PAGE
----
*For those of you unfamiliar with humanism, it is the idea we need to infuse our lives with morality and purpose whether or not we will be judged for our actions after death. Human society may never come to a consensus as to which religion and its corresponding precepts represents truth, so we need to work together to devise a common morality. In the words of Bill and Ted, we should “be excellent to each other”.

Wednesday, February 16, 2011

Very veggie cassoulet.

Servings: About six bowlfulls.
Scraps for worms: About 4 cups.
Prep time: 25 min.
Cook time: 35 min.

This dish is easy to make and chock full of vitamins and minerals. There are a lot of veggies to chop, which can take a while especially if you are also cleaning them as you go. Hence, I would recommend this recipe for a weekend night. Alternatively, you could chop the veggies in advance (perhaps the night before), and then it would be easy to make the following night. This recipe is vegan and gluten free.

2 Tbsp olive oil
10 cups coarsely chopped vegetables
8 oz sliced mushrooms or 2 portabella mushroom caps
3-4 cloves of minced garlic
8 cups of coarsely chopped greens
1/4 cup chopped fresh parsley
1 Tbsp chopped fresh thyme
4 cups (3-4 cans) white beans
4 cups diced (3-4 cans) or chopped (fresh) tomatoes with liquid
2 cups broth
Pepper, salt, and cayenne pepper, to taste

- For our 10 cups of veggies, we used: 1 leek, 1 yellow onion, 3 small red potatoes, 3 small carrots, and 4 medium zucchini.
- Our greens were a combination of collard greens, chard, and kale.
- We usually use veggie broth, but we had some leftover beef broth in the freezer that we made from special Marin Sun Farms beef bones for Thanksgiving. Another alternative to broth would be to add an extra can of tomatoes or just add water.
- We used pinto beans; I don’t know if they are technically white beans - the traditional sort for a cassoulet.
- We have a really big skillet with high sides. If you don’t have a huge pan, you should probably halve the recipe or at least leave out the mushrooms.

1. Chop everything! Keep the vegetables, mushrooms, and garlic separate from the greens and the herbs. Drain and rinse the beans.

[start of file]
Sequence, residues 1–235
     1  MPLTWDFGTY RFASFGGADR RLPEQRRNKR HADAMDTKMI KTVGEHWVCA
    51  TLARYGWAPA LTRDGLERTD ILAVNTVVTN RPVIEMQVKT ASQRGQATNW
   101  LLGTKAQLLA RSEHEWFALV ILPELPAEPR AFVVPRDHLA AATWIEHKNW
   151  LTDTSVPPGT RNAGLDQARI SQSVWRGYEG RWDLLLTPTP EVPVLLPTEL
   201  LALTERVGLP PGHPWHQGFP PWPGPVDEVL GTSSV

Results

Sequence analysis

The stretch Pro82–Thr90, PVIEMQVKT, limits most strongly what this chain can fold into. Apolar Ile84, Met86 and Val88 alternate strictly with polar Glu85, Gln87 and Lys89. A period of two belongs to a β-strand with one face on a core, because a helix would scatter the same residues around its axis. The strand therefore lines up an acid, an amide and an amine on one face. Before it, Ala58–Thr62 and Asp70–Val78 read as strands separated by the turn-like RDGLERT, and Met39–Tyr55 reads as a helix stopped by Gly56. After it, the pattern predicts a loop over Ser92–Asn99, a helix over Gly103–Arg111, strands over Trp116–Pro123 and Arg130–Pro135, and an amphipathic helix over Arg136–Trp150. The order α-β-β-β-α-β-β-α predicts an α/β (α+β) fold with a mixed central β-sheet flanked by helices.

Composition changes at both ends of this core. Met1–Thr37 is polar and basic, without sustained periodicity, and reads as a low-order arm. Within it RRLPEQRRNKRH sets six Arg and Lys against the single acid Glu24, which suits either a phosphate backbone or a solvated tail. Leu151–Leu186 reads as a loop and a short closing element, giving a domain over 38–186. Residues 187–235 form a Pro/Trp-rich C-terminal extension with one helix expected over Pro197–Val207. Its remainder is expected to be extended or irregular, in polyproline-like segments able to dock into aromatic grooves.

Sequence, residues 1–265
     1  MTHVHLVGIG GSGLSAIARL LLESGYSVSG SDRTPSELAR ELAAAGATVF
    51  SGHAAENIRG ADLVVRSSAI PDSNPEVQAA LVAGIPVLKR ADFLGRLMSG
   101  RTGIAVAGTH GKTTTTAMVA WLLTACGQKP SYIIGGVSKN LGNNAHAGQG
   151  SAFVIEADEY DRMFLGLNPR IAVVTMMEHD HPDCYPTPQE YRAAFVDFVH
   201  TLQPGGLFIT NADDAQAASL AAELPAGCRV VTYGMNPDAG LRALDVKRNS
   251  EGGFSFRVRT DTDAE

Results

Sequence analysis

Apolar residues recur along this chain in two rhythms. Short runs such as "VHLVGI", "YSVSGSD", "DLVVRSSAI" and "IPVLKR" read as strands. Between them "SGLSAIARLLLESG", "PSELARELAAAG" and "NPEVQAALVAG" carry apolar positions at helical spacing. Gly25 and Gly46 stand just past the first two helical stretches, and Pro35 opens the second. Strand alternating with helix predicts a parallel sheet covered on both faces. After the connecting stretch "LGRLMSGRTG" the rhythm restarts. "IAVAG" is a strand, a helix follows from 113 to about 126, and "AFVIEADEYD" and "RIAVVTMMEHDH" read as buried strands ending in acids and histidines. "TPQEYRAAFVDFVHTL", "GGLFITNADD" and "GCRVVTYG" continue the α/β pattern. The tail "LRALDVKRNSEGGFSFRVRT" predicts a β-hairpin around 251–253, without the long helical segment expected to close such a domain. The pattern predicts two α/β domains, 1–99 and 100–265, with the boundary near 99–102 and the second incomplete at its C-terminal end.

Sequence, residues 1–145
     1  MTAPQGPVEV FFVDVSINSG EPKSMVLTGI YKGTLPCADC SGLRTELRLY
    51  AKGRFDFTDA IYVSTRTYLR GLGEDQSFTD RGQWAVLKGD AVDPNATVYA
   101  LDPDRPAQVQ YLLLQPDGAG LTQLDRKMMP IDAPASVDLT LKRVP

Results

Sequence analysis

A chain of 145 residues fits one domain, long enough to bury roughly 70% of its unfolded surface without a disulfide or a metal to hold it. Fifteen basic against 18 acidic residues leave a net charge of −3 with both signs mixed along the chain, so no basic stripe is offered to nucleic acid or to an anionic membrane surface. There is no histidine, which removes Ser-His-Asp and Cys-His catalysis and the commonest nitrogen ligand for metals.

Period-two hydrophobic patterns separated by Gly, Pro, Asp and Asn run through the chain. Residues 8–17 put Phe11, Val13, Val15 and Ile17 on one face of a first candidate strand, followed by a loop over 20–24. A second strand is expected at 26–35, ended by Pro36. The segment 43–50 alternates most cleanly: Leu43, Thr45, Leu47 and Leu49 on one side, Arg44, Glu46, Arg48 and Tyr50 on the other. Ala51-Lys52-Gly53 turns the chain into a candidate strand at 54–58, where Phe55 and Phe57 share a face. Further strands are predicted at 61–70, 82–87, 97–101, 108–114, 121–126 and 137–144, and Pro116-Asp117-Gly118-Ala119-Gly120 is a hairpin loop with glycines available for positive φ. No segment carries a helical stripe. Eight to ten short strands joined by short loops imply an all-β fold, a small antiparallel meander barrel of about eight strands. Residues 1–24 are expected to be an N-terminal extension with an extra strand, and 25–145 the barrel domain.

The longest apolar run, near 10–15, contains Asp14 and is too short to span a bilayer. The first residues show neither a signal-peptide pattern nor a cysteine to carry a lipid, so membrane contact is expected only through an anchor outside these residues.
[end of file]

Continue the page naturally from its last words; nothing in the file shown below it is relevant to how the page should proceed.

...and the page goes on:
2. Warm olive oil over medium heat. Add the greens. Saute until greens wilt, about 5 minutes.
3. Add vegetables and garlic. Saute until veggies begin to soften, about 10 minutes. Stir often to cook evenly. Add pepper, salt, and cayenne pepper to taste.
4. Add tomatoes, herbs, and about half a cup of the broth. Stir well. Bring to a boil.
5. Add beans and the rest of the broth. Stir well. Bring to a boil; then, reduce heat to low. Cover and simmer for 20 minutes. Enjoy!

Sunday, February 13, 2011

A wiggly way to wipe out waste.

I had always assumed that food scraps were the best kind of trash because food is biodegradable. I figured my old banana peels would decompose in the landfill a heck of a lot faster than the wrapper on my granola bar. Perhaps. But here is something I didn’t take into account. For food scraps to decompose in the normal way, they need oxygen. And one thing you do not get in a landfill is a steady flow of oxygen. Instead, food scraps simply get buried under more and more stuff causing them to petrify. Apparently, all the food scraps I have tossed out are fossilized in my regional landfill. Dang.

One alternative to petrified food scraps is a food scrap recycling program. Many communities now offer this service in which they pick up the food scraps you collect in a little pail and deliver them to a compost center instead of a landfill. Composted food decomposes and leaves behind a potent fertilizer that is either sold or given away to members of the community. If you are lucky enough to live in a community that offers food scrap recycling, I highly encourage you to participate.

According to, food scraps make up 35% of the waste sent to landfills from my county of Alameda. We have a food scrap recycling program that aims to reduce this food waste. Unfortunately, my housing community is not currently participating in the program so I have to find another way to deal with my food scraps.

One option, of course, it to build myself a compost pile. But frankly, composting sounds hard. I don’t have a lot of time to devote to this project, and compost bins seem to need a lot of attention. They have to be mixed and tended to properly or they smell bad. I know composting is an unqualified good thing for the environment, but I’m just not ready to be a composter.